The most common advice I hear from experienced Dungeon Masters is to be prepared, but not overly prepared. Your players might go left when everything you prepped for is to the right. Don’t panic. Just change your perspective. They decided to talk to the innkeeper instead of investigating the noises coming from the basement? Have the innkeeper tell themabout the weird noises in the basement and ask if the party would mind checking it out. Mistakes aren’t always mistakes. Sometimes they turn into super cool storytelling moments. (And sometimes a producer set you up to make the most dramatic season ever. Not much you can do about that.)
Be Decisive: So, you drop your players in the middle of an eerie, mysterious forest and WAM! Out pop a band of goblins! Great idea, Dungeon Master! The players shriek in fear.
“Can they see us?
“Do we have cover?”
“Do I have line of sight?”
“Can we sneak away?”
And you say, “Uhhh… yeah, you have cover. No, wait, you don’t. In fact, you didn’t see them at all, but they heard you coming and sneak up behind you and hit the cleric over the head. She takes 33 points of damage.”
“Okay, nine? Six? Okay, fine, they didn’t see you. In fact, there are no goblins. You’re actually in a wand shop in the commerce district. What would you like to buy?”
One of Pete’s biggest flaws was his inability to make and stick to a decision. He drank Kelsey’s champagne with Hannah Ann, sent Alayah packing because Victoria P. said she was mean, then brought her back because Alayah said Victoria P. was actually the mean one, only to send her home again when all the other girls said both girls were mean, but Alayah was the meanest. He ignored warning signals (weird for a pilot), gets in the middle of petty drama, believed everything he heard, and sent home the most decent woman because she was trying to have fun and CHOOSING YOUR WIFE ON A TELEVISED GAME SHOW IS NOT FUN. Come on,Kelley!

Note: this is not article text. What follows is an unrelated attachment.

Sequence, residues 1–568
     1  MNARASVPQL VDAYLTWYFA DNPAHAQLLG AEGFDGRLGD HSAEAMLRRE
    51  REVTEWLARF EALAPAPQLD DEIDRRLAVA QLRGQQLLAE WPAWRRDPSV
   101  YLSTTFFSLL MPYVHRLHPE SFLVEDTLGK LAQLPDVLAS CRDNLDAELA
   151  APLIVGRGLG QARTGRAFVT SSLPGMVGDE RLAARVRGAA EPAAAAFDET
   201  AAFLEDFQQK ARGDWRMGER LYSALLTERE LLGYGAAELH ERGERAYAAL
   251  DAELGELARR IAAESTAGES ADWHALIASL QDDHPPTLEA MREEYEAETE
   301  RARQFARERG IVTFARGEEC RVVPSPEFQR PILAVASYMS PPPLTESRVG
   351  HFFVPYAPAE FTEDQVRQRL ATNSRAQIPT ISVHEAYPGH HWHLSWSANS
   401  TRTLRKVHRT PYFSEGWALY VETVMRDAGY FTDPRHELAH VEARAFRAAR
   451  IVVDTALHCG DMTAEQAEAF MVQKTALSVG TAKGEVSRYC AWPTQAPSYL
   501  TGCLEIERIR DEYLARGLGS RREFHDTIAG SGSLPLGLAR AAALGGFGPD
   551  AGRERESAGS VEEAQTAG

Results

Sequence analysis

Look, even the most experienced Dungeon Masters make mistakes. Chances are your players won’t notice and if they do call something out, either accept the feedback graciously or raise an eyebrow, give them an evil sneer and say, “Oh someyuan-ti are immune to poison. These ones don’t appear to be. Hmm… I wonder why.” Everything is fodder.
Focus the Game, Not the Rules: Oh, I know, we’re all very serious when it comes to finding love on a televised game show. (I’m writing this while wearing elf ears, so I know serious.) But if you are truly there for the right reasonsand believe that your wife is standing in that airplane hangar full of Moroccan-inspired hurricane candles right now, then you get to make the rules and break them and create new ones. It’s odd to say don’t worry about the rules when it comes to a game, (especially when the people who get paid to write those rules say it.) But the same refrain is constantly repeated. The only important rule is to have fun.
Remember Colton’s famous fence jump or when Brad Womack dumped both of his final two’s at the make-shift altar? You can end up with a mate or you can be the Most Hated Bachelor of All Time, but at least you did things your way and damn that was good television.
Know when to fold them: Bad relationships benefit no one and Pete definitely had his share of them. He fell in love with a teetotaling, devout Christian who was saving herself for marriage. There is absolutely nothing wrong with her life choices, but Pete’s highly social, “spiritual not religious,” four-times-in-a-windmill lifestyle, may not make them ideal bedpartners (pun intended.) Toxic relationships exist around the D&D table as well. Good people can make bad parties. If what the party wants out of their campaign isn’t in the DM’s wheelhouse it’s not just okay to part ways, it’s a necessary. Good Dungeon Masters are seldom at a loss for players. Know your worth and get out there.
Multiple studies show playing D&D can help you be a better person. If ABC knew a thing or two about RPGs, we’d have better Bachelors. Until then let’s roll for initiative– or should I say rose for initiative?